Obsessive compulsive disorder - OCD treatment and therapy from NOCD

Strange thoughts? No thought is off limits for OCD

6 min read
Stacy Quick, LPC

Over the years of working as a therapist who specializes in treating OCD, I have worked with so many people who experience intrusive thoughts. The one question that I get asked the most is, “Why do I have these thoughts?”

 The answer is simple: everyone has these thoughts. The difference is that someone without OCD has a “filter” system, so to speak, that works correctly. When this system is functioning properly and efficiently, your brain “weeds out” the less important information and takes in information that is useful or needs attention. Unfortunately for those who suffer from OCD, this is not the case. Information that should otherwise be sifted out is presented front and center.

The truth is that OCD isn’t a “thought” problem; it is an interpretation problem and a response problem. In other words, someone with OCD feels—often very strongly—that intrusive thoughts mean something about them, their desires, or their identity. This is where OCD holds its power: the ability to make a person question who they are and what they are capable of. In most areas of life we trust our thoughts and intuition; we trust our head or “gut.” But this causes problems for people who experience intrusive thoughts that feel very real and meaningful.  

What makes a thought “meaningful” will vary from person to person. It will also shift due to life circumstances. Often, the reason that a particular theme or thought gets “stuck” for a person with OCD is because it deals with something especially important to them. Usually, it’s quite negative; they don’t want the thought to be true, but they feel that it must be. Why else would they have the thought? However, when someone has OCD, this typically couldn’t be further from the truth.

The OCD cycle

Intrusive thoughts that occur with OCD are ego-dystonic, meaning that they go against a person’s nature. The thoughts involve something important to them, so their brain falsely sends a message that the thoughts have meaning and are dangerous—they feel like they pose a threat that they have to address. This leads to feelings of anxiety and distress which only strengthen the idea that they are in actual danger. As a result, they feel the need to neutralize the threat in some way: by gaining reassurance about the danger, by making sure they are completely safe from their fear, or by doing everything in their power to avoid an outcome, for example.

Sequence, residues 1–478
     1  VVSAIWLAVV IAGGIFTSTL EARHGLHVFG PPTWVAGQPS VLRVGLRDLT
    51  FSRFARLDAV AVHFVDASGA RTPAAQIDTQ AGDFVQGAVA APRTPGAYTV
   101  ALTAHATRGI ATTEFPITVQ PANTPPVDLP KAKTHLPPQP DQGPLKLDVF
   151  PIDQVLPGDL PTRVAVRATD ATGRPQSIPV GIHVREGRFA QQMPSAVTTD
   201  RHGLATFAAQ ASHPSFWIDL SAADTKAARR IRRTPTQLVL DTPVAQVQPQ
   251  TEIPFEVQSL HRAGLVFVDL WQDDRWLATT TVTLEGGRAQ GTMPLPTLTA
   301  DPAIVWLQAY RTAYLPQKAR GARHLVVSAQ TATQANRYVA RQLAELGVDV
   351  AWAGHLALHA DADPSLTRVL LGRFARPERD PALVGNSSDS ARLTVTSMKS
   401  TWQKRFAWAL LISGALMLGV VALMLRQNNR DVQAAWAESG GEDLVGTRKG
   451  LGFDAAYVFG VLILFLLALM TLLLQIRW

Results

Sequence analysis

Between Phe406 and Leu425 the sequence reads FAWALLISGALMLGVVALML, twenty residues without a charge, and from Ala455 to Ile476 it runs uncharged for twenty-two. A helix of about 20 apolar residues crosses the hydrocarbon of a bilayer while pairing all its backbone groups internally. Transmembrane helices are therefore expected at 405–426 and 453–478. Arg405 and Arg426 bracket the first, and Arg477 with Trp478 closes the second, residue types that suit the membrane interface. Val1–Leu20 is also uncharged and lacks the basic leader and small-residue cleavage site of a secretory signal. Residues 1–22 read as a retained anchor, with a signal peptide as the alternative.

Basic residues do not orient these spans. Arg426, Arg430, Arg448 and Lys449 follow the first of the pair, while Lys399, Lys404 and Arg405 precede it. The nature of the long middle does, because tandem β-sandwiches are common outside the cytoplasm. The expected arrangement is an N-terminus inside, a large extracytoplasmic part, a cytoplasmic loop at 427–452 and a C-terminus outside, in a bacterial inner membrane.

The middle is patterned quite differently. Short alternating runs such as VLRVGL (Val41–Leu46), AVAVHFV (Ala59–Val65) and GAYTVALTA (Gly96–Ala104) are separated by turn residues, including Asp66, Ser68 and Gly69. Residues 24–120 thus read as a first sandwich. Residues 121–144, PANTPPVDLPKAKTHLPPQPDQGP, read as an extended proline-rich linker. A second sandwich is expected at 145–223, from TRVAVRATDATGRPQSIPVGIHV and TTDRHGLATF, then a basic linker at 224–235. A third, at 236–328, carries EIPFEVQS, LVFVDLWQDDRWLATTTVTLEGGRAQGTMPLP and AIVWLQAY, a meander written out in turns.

These actions are known as compulsions. Since there is no real danger, however, the compulsions do nothing to actually keep them safe or prevent intrusive thoughts, and only reinforce the idea that these intrusive thoughts pose a threat. The next time the thoughts present themselves, the urge to respond with compulsions is even stronger. 

What are examples of these thoughts?

If you read much about OCD you will come across the term “taboo thoughts” frequently, referring to any thought that a person feels goes against their values, or against societal norms, morals, or laws. It is vital to note that these can vary and can take on any form—OCD can be extraordinarily creative. Remember that when someone has OCD, they find these thoughts to be incredibly distressing. Many report feeling severely disgusted by or troubled by the thoughts, because the thoughts are so opposed to their identity and values.

Here are just some of the ways in which OCD may manifest through intrusive thoughts: 

  • Shelby is in a public restroom and sees what looks to be a red speckle on the sink. She is convinced that it was blood that is HIV positive. Even though she understands how HIV is actually spread, she now fears that everyone she comes into contact with will contract HIV.
  • Bailey has thoughts that we are all living in a fake universe, and she wonders if we are all just in some huge computer game. The more she looks for proof that it’s not true, the more her worries persist, and the less sure she feels about her life.
  • Juan wrestles with the thought that as a child he would chew on his hair. He cannot shake the idea that he has committed cannibalism, and that his hair chewing must mean something about his true nature. 
  • Mariah avoids being near anyone who is elderly; she has intrusive thoughts that inhaling while near them will cause her to die soon.